A multi-professional approach to safeguarding children, which accompanies the Department of Health's new training courses. * Focuses on the methods of identifying children at risk and details what happens at each stage of the social work process* Presents a fully multi-disciplinary approach as to how professional groups and services should co-operate to safeguard children* Part of the prestigious NSPCC Wiley Series in Safeguarding Children* Accompanies the training courses run by the DoH and NSPCC for professionals working with children
This practice guidance is designed to ensure that all who hold a post in the Church of England, whether lay, ordained, paid or unpaid, are trained in aspects of safeguarding relevant to their role. Replacing the 2015 House of Bishops' Learning and Development Framework Practice Guidance, this training framework supports the development and maintenance of the necessary knowledge, attitude and skills to safeguard and protect children, young people and vulnerable adults. It sets out: The expectations and requirements for safeguarding training and development in a church context, and how this relates to statutory requirements; The required core training modules, including learning aims and objectives, plus training expectations and requirements by role; Details of specialist training modules, including learning aims and objectives; Practical advice for implementing training requirements in full. This practice guidance is commended by the House of Bishops and is designed for use by diocesan, provincial and national safeguarding advisers, archbishops and bishops, deans and their senior staff.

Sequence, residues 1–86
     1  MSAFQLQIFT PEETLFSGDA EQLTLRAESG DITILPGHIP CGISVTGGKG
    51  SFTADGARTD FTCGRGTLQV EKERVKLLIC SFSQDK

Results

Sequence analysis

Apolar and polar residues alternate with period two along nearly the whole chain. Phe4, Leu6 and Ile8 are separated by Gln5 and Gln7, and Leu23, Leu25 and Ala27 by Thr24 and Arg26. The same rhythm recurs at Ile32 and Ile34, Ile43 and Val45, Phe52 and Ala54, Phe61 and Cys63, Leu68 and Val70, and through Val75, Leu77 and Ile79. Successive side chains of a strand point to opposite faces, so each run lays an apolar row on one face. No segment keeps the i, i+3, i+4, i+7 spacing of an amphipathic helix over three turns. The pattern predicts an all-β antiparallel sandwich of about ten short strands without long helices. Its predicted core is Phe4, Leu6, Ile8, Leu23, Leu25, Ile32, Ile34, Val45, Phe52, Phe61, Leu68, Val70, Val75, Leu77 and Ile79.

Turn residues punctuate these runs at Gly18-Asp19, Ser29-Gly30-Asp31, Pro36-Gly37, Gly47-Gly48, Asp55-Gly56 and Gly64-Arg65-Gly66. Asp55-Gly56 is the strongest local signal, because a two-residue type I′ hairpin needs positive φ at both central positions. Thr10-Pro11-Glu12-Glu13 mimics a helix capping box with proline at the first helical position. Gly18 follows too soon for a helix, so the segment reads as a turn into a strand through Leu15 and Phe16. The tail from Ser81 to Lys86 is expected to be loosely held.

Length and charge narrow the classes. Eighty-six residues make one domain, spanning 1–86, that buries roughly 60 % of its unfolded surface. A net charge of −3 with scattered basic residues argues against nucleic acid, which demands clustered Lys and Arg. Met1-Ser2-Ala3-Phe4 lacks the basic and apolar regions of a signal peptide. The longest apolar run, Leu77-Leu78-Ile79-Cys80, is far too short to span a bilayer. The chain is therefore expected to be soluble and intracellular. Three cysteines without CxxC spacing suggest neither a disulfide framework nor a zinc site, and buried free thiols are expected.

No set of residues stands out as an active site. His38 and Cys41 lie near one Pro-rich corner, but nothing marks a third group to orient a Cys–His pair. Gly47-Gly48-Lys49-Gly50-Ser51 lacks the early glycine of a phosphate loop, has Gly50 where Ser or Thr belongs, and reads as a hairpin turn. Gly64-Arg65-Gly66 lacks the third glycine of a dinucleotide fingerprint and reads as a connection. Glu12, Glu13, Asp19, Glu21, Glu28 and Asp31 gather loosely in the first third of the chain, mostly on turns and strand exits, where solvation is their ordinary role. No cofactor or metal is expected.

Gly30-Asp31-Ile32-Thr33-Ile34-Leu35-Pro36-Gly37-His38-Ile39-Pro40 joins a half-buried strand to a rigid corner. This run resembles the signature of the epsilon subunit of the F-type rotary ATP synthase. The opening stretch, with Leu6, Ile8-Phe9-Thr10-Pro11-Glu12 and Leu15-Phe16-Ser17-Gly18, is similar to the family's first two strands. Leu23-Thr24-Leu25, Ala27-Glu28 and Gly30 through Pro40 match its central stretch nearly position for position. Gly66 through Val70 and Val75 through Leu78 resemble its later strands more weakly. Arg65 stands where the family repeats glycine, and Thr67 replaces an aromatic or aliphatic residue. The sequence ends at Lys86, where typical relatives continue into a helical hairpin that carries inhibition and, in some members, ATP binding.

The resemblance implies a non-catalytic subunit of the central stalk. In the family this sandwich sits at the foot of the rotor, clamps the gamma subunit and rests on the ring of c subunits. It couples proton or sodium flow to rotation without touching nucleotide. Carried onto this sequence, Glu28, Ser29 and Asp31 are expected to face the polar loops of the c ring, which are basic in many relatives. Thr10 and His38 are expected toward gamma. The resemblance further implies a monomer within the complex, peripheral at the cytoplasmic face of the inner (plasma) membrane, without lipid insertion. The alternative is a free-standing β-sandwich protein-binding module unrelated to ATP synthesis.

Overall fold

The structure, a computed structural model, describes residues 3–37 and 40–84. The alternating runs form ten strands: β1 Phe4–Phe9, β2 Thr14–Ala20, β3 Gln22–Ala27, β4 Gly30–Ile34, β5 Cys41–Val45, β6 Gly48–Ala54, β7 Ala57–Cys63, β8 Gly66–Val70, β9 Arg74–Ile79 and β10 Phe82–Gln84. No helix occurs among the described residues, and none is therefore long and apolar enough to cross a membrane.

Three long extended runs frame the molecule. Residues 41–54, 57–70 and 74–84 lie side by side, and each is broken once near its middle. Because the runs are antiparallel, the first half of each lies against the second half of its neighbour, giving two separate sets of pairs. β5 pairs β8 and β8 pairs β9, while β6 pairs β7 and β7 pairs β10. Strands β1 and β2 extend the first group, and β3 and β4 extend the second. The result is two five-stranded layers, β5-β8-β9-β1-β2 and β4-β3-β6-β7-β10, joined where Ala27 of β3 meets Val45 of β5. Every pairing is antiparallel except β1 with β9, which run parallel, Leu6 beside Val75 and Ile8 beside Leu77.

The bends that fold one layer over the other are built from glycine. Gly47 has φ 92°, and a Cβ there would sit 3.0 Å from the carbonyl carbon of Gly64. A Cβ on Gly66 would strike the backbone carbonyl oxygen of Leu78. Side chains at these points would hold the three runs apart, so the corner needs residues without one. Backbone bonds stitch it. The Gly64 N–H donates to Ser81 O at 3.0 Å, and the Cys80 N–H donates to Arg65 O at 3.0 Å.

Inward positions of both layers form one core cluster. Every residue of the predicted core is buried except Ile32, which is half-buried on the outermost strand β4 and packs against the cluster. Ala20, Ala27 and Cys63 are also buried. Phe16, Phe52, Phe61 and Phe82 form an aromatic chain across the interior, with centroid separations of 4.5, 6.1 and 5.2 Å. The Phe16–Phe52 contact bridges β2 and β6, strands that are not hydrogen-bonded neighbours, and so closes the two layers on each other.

The concepts of non-violence and aggression are often twinned together to convey the impression that one is counterpart to the other. Kool, however, draws on recent research to illustrate that whilst the control of violence is a reaction to aggression, non-violence is, by contrast, an active behaviour. The book explores a wide survey of theories and examples, spanning ideas in cognition, motivation and behaviour that will provide students of peace and social psychology with an engaging entry point to the subject.
The public expects school personnel to resolve cyber bullying issues that affect primary and secondary students. School administrators struggle with their role, legal authority to intervene, decision to censor communications by minors, and disciplinary decision making. School authority to intercede in student expression is governed by constitutional provisions, legislative enactments, school district regulations, Acceptable Use Policies (AUPs), and prior court precedents. Because cyber bullying is a recent phenomenon, the constitutionality and effectiveness of these measures have yet to be proven or established. Schools do not have the luxury of waiting for clear laws, proven policies, or precedential legal authority to develop and surface. As a result, many schools turn to the courts for guidance when conflict arises between a school's authority and a student's Constitutional First Amendment rights. This manual for school administrators is dedicated to the competing principles: 1) that schools are not required to surrender control over school activities to students, and 2) that students are exposed to a robust exchange of ideas. The classroom needs to be a marketplace of ideas where First Amendment free expression exists, but a safe and orderly school environment conducive to learning must be maintained. This manual provides public school leaders and front-line school personnel with data-driven solutions for resolving cyber bullying incidents.